YMMV / Batman: Arkham Series


  • Complete Monster:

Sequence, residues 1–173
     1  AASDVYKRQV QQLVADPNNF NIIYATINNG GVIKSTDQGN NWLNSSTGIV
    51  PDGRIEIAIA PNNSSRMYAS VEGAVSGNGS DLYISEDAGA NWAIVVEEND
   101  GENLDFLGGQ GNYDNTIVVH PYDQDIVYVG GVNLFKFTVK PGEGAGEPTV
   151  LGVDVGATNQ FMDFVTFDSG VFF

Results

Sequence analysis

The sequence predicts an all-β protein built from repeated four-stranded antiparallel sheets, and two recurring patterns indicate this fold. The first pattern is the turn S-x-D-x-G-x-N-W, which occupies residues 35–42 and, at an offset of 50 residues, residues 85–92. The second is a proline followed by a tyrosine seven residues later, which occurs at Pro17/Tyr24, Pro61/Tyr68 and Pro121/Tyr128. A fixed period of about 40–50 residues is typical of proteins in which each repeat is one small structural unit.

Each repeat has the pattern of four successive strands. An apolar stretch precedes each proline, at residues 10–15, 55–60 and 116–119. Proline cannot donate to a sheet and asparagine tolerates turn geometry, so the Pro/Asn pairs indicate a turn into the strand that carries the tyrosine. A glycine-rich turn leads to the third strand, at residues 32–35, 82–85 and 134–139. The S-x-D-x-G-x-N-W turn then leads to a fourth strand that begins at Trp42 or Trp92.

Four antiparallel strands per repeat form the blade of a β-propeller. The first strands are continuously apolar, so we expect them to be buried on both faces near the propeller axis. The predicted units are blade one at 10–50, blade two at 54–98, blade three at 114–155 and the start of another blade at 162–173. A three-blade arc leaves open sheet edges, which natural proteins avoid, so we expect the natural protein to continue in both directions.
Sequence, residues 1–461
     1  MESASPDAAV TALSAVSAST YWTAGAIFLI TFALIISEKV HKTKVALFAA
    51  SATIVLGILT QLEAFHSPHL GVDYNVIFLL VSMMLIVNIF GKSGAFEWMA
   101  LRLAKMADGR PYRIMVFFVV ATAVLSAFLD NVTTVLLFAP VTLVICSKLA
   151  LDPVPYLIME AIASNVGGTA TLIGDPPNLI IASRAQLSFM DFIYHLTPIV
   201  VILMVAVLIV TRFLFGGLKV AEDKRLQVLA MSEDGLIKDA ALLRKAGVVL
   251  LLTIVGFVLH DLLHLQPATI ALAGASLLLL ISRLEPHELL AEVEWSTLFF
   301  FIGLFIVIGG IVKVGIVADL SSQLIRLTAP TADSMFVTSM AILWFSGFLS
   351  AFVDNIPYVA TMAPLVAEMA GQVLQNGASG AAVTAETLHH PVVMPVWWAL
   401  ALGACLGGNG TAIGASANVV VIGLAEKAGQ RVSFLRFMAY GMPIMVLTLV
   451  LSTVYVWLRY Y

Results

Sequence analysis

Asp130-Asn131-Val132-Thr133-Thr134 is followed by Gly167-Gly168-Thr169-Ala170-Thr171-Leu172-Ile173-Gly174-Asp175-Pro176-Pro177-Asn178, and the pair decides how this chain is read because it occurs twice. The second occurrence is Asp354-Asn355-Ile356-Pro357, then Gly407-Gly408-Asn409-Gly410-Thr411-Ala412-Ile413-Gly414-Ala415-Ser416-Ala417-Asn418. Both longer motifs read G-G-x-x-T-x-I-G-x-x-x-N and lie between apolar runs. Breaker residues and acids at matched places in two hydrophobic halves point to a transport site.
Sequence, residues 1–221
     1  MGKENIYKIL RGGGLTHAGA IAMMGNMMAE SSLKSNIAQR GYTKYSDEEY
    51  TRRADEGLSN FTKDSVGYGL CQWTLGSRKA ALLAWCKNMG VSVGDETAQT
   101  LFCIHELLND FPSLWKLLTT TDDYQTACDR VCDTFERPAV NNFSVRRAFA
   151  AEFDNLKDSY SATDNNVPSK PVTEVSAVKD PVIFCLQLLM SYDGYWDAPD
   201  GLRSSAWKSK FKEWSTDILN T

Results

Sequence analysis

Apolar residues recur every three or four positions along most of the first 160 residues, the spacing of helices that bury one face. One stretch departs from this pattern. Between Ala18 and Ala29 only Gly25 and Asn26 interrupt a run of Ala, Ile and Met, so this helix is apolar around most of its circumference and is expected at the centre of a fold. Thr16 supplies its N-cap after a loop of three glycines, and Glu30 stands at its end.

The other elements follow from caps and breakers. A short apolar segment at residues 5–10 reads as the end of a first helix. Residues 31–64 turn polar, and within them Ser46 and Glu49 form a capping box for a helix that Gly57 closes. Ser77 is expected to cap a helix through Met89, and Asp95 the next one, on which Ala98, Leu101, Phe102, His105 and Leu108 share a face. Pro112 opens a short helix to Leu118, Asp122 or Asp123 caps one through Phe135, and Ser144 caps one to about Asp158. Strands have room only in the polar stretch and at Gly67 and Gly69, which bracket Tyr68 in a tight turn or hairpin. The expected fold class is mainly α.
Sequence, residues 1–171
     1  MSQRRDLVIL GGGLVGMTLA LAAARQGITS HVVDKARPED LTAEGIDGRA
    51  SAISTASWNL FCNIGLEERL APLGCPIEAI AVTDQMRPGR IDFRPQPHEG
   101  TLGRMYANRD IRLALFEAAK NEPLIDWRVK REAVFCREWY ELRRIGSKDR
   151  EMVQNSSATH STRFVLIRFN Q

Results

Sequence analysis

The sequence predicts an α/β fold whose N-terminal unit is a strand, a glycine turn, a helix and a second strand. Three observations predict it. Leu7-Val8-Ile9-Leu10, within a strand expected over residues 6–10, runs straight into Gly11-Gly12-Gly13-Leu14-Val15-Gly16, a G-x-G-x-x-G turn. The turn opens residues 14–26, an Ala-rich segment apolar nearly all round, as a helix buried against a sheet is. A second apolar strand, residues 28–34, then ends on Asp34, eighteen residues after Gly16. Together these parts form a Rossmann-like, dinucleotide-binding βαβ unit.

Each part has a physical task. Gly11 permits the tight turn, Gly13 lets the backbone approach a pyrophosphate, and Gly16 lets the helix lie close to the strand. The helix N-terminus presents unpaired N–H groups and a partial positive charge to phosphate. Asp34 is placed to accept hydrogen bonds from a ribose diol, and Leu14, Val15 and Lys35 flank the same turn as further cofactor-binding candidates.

• The Joker serves as the Overarching Villain of the series. The Arch-Enemy of Batman, Joker regularly commits crimes solely to torture his nemesis throughout the series. When first establishing himself in Gotham, Joker hijacked Black Mask's organization, and used his influence to torture and murder innocents, along with bombing multiple buildings across the city. In one notable instance, Joker staged a breakout at Arkham Asylum, ensuring the slaughter of as many people as possible. Left dying of a TITAN overdose in the wake of this incident, Joker forces Batman to find a cure for his condition by poisoning more than two thousand people with his infected blood; he also executes Batman's Love Interest, Talia Al Ghul, right in front of him. Caring nothing for his subordinates, The Joker regularly abuses his "girlfriend," Harley Quinn, and tortures and murders his henchmen, along with threatening their family members, for fun. Even after his death, flashbacks further show his wicked deeds, such as crippling Barbara Gordon and physically and psychologically torturing Jason Todd for months, then sending Batman videotapes of said torture; this torture resulted in Jason becoming the Arkham Knight. Tie-in material only adds to his list of crimes, with trying to blow up Gotham City and rigging fireworks with Joker toxin that kills hundreds (the latter seen in the digital comic, Arkham City: End Game) being just a few of his extra depravities. A narcissistic sadist with a pathological need for attention, the Joker is determined to make Gotham forever remember him by writing his name in the city with blood.